This module is an excerpt from Riley, D. (2012). Engineering Thermodynamics and 21st Century Energy Problems: A Textbook Companion for Student Engagement. San Rafael, CA: Morgan and Claypool. It asks students to examine the Copanehagen Climate Summit of 2009.
1. Engage. Read the following information about the Copenhagen Climate Summit , and seek out other sources on this meeting and subsequent and prior international climate meetings. Climate scientists have created models that predict numerous changes in climate caused by increased atmospheric concentrations of greenhouse gases, including carbon dioxide. While these changes are expected to be widespread across the planet, some changes will be more damaging than others, and some places will be hit harder than others. Many scenarios predict significant damage in the global South, where many people and their governments lack the resources needed to adapt to climate change. In 2009, at the Copenhagen climate summit, Lumumba Di-Apping, chair of the G77 group of developing nations, declared a 2 degree rise in global temperature a “suicide pact” for Africa.
At Copenhagen as at both previous and subsequent international meetings on climate change, the South sought leadership from the global North in curbing emissions and in offering economic development funds for building renewable energy infrastructure. Wealthy nations committed to less than half the emissions cuts needed, and declined to offer development funds for renewable energy infrastructure. Europe offered to cut 20% by 2020, and the US 4% by 2020. 60% reductions are required in order to avoid a 2 degree temperature rise.
Economics are a primary motivation for lack of action on climate change. The conventional perspective in the US and global North is that cheap energy derived from fossil fuels forms the basis for economic activity worldwide and must be maintained in order to compete with emerging economies such as China and India. Many governments in the global South view energy as essential to development, and want to have the chance northern countries did to use cheap energy to develop their economies. They argue this is necessary to lift people out of poverty, meet basic human needs, and to overcome the long history of colonialism that led to today’s global economic inequalities.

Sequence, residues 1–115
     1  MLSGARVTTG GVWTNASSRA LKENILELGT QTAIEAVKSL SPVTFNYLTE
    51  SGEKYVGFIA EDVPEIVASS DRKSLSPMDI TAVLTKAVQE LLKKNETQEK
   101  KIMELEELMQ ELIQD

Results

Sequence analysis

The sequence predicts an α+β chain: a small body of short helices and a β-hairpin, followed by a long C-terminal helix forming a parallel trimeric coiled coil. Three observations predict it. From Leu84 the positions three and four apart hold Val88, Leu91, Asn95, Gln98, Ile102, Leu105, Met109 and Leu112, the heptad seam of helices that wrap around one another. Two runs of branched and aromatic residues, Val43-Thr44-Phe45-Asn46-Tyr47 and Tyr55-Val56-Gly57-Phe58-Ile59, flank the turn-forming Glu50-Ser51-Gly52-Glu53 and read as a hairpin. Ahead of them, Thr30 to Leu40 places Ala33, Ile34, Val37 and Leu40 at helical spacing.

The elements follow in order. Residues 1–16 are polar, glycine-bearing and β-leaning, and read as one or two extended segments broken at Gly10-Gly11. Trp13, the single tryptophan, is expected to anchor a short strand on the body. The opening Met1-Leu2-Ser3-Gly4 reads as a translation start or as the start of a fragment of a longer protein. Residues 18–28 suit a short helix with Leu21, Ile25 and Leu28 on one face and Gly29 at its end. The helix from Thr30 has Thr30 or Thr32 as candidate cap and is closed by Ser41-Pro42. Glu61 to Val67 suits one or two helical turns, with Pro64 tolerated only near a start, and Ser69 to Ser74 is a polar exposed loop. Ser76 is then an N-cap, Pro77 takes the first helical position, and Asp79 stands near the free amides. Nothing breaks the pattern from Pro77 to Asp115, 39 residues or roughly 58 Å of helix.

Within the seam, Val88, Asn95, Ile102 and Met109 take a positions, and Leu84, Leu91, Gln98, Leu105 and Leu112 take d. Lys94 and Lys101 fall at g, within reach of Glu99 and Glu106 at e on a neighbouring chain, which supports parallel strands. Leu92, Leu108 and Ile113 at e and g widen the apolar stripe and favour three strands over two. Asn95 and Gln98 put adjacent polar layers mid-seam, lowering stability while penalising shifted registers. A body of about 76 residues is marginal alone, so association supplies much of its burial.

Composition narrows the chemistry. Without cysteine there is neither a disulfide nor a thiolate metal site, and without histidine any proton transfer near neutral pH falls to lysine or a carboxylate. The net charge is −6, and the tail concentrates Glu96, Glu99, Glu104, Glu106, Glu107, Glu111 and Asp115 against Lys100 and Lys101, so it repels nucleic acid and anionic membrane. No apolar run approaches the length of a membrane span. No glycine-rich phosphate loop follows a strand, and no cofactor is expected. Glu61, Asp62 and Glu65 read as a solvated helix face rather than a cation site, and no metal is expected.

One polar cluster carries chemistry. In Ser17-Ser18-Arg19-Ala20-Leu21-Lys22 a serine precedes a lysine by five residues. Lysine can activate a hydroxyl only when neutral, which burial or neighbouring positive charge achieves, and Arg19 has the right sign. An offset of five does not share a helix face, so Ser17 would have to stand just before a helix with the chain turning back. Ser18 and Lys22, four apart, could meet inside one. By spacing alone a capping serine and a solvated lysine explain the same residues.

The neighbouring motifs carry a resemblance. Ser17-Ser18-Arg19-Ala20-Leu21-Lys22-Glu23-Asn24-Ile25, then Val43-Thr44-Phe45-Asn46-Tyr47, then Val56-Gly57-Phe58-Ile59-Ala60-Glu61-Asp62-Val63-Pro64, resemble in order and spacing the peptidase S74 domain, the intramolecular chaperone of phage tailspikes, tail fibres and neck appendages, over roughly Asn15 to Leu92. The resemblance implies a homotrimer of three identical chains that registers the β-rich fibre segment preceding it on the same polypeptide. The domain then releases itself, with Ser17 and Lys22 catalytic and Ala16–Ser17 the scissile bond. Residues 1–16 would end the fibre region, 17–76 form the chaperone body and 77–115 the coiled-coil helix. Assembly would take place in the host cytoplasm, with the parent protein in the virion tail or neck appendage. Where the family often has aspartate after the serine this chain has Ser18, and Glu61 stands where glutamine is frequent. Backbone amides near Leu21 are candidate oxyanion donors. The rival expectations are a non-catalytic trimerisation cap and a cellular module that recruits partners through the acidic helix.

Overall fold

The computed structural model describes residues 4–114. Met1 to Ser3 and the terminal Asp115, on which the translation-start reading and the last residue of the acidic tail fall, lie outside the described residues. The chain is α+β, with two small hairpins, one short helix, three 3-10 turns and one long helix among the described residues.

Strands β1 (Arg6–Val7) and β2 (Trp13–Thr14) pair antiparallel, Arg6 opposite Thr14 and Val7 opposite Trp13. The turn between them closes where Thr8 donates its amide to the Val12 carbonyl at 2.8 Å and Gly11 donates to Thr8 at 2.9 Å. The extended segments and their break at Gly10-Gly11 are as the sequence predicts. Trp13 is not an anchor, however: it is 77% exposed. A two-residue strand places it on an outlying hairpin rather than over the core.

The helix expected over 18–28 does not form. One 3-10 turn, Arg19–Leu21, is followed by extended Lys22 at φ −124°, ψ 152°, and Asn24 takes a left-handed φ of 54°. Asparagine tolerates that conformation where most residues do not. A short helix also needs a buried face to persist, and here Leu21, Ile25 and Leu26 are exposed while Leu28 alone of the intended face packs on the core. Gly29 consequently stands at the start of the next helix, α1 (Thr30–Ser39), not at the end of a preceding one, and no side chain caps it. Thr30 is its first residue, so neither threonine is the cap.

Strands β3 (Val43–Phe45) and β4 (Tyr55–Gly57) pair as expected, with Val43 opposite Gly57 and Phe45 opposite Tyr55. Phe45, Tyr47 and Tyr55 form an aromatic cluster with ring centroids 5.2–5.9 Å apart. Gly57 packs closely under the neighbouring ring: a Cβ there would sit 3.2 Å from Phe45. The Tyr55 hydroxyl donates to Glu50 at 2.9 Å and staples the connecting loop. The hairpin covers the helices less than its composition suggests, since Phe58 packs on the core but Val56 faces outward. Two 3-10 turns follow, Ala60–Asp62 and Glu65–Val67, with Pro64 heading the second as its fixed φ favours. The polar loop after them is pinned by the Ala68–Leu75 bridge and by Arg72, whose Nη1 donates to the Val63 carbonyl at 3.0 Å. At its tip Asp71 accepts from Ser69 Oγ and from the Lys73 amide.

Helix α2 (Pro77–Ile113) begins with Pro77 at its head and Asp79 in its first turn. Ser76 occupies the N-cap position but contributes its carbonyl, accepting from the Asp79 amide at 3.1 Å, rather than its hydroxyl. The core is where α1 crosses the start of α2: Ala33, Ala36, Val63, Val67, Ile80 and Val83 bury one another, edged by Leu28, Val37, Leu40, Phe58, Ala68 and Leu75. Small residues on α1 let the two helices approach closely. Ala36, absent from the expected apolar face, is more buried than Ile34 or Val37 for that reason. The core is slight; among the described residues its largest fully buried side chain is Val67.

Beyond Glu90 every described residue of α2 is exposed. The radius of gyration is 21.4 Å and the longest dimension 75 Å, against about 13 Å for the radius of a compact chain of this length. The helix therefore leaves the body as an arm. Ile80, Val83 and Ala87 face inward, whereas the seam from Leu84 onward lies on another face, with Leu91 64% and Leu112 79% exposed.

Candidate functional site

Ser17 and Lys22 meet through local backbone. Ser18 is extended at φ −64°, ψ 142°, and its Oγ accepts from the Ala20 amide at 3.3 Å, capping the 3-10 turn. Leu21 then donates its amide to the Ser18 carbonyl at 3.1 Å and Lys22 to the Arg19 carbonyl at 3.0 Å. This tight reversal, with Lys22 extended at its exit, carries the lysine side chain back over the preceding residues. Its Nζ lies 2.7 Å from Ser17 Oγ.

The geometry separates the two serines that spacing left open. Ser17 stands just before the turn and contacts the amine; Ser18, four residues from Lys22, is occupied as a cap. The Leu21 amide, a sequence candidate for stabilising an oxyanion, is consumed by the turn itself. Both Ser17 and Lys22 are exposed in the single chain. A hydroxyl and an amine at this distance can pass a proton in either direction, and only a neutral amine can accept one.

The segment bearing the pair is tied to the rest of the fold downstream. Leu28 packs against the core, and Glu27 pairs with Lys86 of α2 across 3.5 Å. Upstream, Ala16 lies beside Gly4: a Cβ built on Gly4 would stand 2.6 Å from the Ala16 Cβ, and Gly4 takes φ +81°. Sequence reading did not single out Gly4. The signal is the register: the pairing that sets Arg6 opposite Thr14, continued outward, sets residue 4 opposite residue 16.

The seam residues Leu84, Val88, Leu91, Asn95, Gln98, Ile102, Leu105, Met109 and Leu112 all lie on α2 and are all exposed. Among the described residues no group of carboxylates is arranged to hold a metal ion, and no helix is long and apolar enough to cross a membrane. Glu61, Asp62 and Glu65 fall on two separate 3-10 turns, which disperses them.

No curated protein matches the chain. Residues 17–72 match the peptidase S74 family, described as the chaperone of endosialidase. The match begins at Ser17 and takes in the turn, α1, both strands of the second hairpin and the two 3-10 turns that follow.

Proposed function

2. Analyze the ethics of the Copenhagen agreement (or lack thereof) from a variety of philosophical standpoints and stakeholder perspectives. What duties or responsibilities do nations have to one another and to the planet, or the global North to the global South and vice versa? What would the principle of justice require of nations at this summit? What rights apply to nations in this context, and how are these balanced against responsibilities to the international community? As India, China and other nations develop energy infrastructure, they are drawing on their strengths, using resources available in country where possible – ought they do otherwise? Who should decide?
3. Reflect. Why is the United States particularly reluctant to cooperate with climate agreements, moreso than other wealthy nations? Why are the US reductions so small compared to Europe, especially when Europe’s energy consumption and climate emissions are already so much lower on a per capita basis.
4. Change. What level of greenhouse gas reductions would you like to see your country achieve? Has your campus complied with this level of reduction? Has your local community? Where might a city begin to take action that would lead a significant reduction in greenhouse gas emissions? How does this scale up to larger groups of people? Take some action to expand the scope of reductions on a state, national, or international level.
 Livingstone, K. Copenhagen talks show south-north divide is alive, well, and ever-more polluting. Progressive London, Dec. 16, 2009. Accessed June 6, 2011 from http://www.progressivelondon.org.uk/blog/copenhagen-talks-show-north-south-divide-is-alive-well-and-ever-more-polluting.html.